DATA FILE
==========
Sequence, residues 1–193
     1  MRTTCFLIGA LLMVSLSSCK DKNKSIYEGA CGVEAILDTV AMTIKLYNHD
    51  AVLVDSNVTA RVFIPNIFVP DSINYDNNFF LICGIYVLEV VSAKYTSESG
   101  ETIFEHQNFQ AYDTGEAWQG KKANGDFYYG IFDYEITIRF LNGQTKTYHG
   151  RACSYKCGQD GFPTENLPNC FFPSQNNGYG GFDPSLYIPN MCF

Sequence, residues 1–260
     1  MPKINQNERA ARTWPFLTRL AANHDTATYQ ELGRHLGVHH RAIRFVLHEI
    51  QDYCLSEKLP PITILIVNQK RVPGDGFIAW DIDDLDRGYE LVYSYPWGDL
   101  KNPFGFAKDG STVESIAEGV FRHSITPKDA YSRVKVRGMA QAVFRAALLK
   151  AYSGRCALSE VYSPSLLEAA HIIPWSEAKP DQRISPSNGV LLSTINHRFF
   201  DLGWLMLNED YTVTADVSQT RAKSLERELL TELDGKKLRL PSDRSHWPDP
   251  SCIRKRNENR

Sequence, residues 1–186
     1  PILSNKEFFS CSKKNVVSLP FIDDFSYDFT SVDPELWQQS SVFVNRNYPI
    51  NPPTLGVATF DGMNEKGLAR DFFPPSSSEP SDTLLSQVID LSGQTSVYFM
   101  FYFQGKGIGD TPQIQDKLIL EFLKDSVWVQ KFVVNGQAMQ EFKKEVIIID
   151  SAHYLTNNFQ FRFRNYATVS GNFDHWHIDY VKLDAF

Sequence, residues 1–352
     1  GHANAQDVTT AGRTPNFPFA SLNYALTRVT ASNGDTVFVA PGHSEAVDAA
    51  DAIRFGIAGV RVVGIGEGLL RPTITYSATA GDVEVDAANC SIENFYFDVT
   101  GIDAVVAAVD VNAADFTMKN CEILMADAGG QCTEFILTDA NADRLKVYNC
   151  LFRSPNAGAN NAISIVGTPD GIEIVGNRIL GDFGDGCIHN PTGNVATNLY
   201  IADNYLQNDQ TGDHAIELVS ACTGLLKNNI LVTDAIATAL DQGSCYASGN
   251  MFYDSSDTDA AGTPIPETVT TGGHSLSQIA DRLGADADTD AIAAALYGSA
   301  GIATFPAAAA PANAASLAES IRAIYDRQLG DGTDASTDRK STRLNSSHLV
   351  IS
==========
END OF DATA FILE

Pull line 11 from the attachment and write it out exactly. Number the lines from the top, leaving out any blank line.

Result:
   201  DLGWLMLNED YTVTADVSQT RAKSLERELL TELDGKKLRL PSDRSHWPDP